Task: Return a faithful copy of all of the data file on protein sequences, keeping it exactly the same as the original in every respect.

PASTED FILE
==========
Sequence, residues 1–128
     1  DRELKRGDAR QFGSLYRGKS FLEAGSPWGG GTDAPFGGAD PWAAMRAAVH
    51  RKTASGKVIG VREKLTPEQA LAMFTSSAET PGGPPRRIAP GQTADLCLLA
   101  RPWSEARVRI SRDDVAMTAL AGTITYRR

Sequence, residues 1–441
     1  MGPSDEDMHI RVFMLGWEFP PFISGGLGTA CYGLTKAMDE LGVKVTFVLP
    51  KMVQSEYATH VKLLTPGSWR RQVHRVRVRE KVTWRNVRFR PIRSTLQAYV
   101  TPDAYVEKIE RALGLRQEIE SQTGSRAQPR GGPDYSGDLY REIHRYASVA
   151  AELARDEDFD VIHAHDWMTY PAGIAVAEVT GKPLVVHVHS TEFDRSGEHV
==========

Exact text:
Sequence, residues 1–128
     1  DRELKRGDAR QFGSLYRGKS FLEAGSPWGG GTDAPFGGAD PWAAMRAAVH
    51  RKTASGKVIG VREKLTPEQA LAMFTSSAET PGGPPRRIAP GQTADLCLLA
   101  RPWSEARVRI SRDDVAMTAL AGTITYRR

Sequence, residues 1–441
     1  MGPSDEDMHI RVFMLGWEFP PFISGGLGTA CYGLTKAMDE LGVKVTFVLP
    51  KMVQSEYATH VKLLTPGSWR RQVHRVRVRE KVTWRNVRFR PIRSTLQAYV
   101  TPDAYVEKIE RALGLRQEIE SQTGSRAQPR GGPDYSGDLY REIHRYASVA
   151  AELARDEDFD VIHAHDWMTY PAGIAVAEVT GKPLVVHVHS TEFDRSGEHV